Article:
Please welcome guest contributor Bryan Frantz to Mr. Irrelevant. Here he is on John Wall and your Washington Wizards.
The Wizards are having their best season in years. They stand at 33-31, sixth place in the East and 3.5 games away from third. The five seasons before this Washington went 19-63, 26-56, 23-59, 20-46 (lockout-shortened season) and 29-53.
The collective misery of the Eastern conference, arrival of Marcin Gortat, improved health of Bradley Beal and improved play of Trevor Ariza are obvious contributors to the success. One topic that doesn’t get the recognition it deserves, though, is John Wall’s jumper.
His shooting has never been something to brag about; his career shooting percentage sits at a modest 42.5 percent, and his three-point percentage hovers around 29.5 percent. Wall is making 33.9 percent of threes this season, though, and he’s shooting 3.7 per game (two more than his previous career high). Take a look at the shot charts:
John Wall’s 2012-13 Shot Chart
John Wall’s 2013-14 Shot Chart
His three-point shooting has become a legitimate weapon, to the point that defenses have to respect his jumper. This spreads the floor and opens up Ariza and Beal in ways that simply didn’t exist last season, which leads to more quality shots all around. The Wizards, as a team, are shooting 38.6 percent from three this season, up from 36.5 percent last season.
But it’s not just open threes the Wizards are getting. Washington is shooting 45.6 percent overall from the floor, tied for 11th in the league. That’s a huge increase from 43.5 percent of last season, when they were tied for 27th.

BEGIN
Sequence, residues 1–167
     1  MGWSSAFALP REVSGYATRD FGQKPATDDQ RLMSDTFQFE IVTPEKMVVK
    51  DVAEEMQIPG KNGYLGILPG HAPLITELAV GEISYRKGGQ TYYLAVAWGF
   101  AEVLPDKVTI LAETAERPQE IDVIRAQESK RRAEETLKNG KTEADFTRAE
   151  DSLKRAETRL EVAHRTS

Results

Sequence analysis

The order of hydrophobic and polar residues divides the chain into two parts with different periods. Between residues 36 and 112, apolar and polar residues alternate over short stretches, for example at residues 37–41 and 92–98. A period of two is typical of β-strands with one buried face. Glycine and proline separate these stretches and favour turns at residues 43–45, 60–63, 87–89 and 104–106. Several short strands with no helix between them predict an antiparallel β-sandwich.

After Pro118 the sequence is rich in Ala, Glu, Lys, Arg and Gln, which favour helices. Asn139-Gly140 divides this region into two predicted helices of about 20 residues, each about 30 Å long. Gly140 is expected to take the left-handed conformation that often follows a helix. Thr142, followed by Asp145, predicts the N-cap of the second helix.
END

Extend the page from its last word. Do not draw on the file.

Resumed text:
Shockingly enough, making more shots leads to more points. Washington is scoring a respectable 100.5 points per game this season, which is astounding considering they tied for last a year ago with 93.2 points per contest.
Again, this is not entirely attributed to Wall improving his shot. But a point guard needs to have an outside shot to become elite. Derrick Rose, injuries aside, makes for a great case study. In his rookie season, Rose averaged 0.9 three-point attempts per game and made just 22.2 percent. He improved mildly in his second season, and by his third season he had turned his three-point shot into a weapon. That year Rose shot 4.8 threes per game, knocking them down at a rate of 33.2 percent.
So while Wall has always been able to get his points — he’s never dropped below 16 per game — he now gets them from all over the floor. Defenses have a new element to defend, and his teammates benefit from it. The Wizards win.